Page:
Ryan sat down and stared at her. She didn’t have much makeup on her face today and on her head was a simple straight weave-on. She looked like Trisha Ogbonna would have looked like as an adult, Ryan thought.

    “Did your mother like the painting?” Trisha asked since he was quiet.

    She had been surprised when her receptionist told her that he was here to see her. She had wanted to refuse to see him because she feared he might recognise her, but she had changed her mind. It was time she stopped hiding. If he recognised her, then so be it.

    “Oh yes, she did.” Ryan nodded, smiling. “She said the painter did a great job.”

    “I am glad she liked it.” Trisha smiled. “So, how is she and your sister? You said you have a sister, right?”

    “Yes, I do. And Laura and my mum are doing great.” Ryan wondered if he should ask her who she really was. But he decided to take it one step at a time. “You are an amazing painter, Vivian. I was just admiring your paintings out in the reception hall. They are all really great.”

    “Thank you.” Trisha said and added in a murmur. “I wish she can hear you say that.”

    “You wish who can hear me say that?” Ryan asked.

    “Em, nobody important.” Trisha replied, shaking her head.

    “I see.” It has to be her, Ryan thought, and she must have been referring to her mum. “You know, I didn’t get your surname last time. And you sign your paintings with Vivian T.”

    “Oh, my surname is Mezie.” Trisha said smoothly.

    “Mezie? Okay. So, what does the T stand for?”


    “Thelma. That’s a nice name.” Ryan smiled. “And do you live here in town with your family?”

    “You are asking a lot of questions, Ryan. Is there any reason for that?”

    “Well, no big reason. I am just interested in you.”

    “Why?” Trisha asked bluntly.

    “I think I like you.” Ryan confessed. “I have been thinking of you. It’s like my mind doesn’t want to forget your face.”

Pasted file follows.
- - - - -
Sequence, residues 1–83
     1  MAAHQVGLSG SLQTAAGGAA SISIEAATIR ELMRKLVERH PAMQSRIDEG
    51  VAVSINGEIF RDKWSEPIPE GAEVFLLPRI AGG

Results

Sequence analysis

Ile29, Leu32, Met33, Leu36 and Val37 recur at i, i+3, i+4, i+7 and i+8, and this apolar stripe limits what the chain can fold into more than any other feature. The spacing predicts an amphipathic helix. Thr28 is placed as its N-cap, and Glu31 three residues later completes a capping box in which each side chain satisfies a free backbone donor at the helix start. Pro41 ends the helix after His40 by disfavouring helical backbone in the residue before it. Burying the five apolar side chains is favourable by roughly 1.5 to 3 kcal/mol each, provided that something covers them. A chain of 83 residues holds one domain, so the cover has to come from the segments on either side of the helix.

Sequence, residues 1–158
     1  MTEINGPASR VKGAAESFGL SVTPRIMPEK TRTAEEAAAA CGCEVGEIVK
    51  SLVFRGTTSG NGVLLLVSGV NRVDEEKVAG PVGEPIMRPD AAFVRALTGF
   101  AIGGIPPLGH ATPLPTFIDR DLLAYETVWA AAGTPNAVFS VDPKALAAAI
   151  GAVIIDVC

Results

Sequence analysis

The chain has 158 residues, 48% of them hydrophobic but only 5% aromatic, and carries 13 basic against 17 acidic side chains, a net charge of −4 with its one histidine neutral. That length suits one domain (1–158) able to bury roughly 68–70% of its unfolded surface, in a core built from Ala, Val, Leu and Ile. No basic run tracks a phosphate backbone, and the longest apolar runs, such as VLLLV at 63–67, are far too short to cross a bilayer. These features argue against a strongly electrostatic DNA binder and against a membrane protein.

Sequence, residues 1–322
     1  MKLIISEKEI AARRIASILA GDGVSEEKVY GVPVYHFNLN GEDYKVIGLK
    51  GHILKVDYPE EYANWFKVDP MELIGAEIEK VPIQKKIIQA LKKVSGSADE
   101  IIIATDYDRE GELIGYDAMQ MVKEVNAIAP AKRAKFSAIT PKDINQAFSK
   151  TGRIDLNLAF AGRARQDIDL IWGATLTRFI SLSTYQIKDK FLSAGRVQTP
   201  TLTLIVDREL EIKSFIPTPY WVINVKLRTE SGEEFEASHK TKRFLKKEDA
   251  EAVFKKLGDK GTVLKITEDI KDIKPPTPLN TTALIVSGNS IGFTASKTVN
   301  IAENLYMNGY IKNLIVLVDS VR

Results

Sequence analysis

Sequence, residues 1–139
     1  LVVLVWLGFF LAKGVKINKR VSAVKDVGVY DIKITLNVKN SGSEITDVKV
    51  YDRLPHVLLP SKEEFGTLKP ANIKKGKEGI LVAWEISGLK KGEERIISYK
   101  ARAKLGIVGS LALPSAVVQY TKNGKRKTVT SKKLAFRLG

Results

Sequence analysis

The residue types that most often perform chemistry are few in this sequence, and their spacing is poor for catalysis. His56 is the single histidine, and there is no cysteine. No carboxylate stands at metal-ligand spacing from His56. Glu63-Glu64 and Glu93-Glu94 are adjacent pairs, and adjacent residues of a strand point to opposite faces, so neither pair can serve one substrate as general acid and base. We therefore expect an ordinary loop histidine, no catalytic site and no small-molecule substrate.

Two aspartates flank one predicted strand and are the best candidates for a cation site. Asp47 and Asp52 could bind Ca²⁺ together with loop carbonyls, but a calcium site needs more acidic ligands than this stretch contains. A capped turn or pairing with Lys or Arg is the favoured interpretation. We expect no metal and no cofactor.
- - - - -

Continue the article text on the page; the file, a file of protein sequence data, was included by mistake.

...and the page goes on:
“Your mind doesn’t want to forget my face?” Trisha laughed. “Why not? I’m no one important.”

    “Well, I don’t know. But I like your face and I like it better now without so much makeup.” Ryan smiled. “You must know that you are a beautiful woman and don’t need so much makeup on your face.”

    “I see. Thank you then.” The compliment made her shy, so Trisha lowered her eyes to her table. “Anyway, did you want another painting done? Is that why you are here?”

    “Actually, I’m just here to see you. I think I would like us to be friends, Vivian.”

    Trisha looked at him. “You want us to be friends?”

    “To begin with.” Ryan nodded. “Like I said, I like you and my mind doesn’t want to forget your face.”

    “Okay.” Trisha didn’t know what else to say. His request surprised her. “I guess we can be friends. But you don’t live here, do you?”

    “No, I don’t. But I come here often for medical appointments. I’m a doctor.”

    “I know. I mean, I checked your name online and saw you were a medical doctor.” Trisha hastily covered up her mistake.

    “Ah, okay.” Ryan smiled. “In that case, if you checked me online it means your mind couldn’t forget me too.”

    “I usually check out my clients.” Trisha said and tried not to roll her eyes. “Anyway, I have work to do, so if there’s nothing more, maybe we can see later.”

    “No problem. But may I have your personal number, please?”

    “Of course.” Trisha wrote it out on a sheet of paper and gave it to him. “Thank you for coming over, Ryan.”

    “Thank you for seeing me and agreeing to be my friend.” Ryan smiled. “I will call you. Take care for now.”

    “Take care too.”

    Ryan nodded and left her office. She was definitely Trisha Ogbonna and he was going to get to know her better, and maybe help to bring her back home.


    ©Marie-Antoinette Otobo


    I’m sorry. Yesterday I was very busy.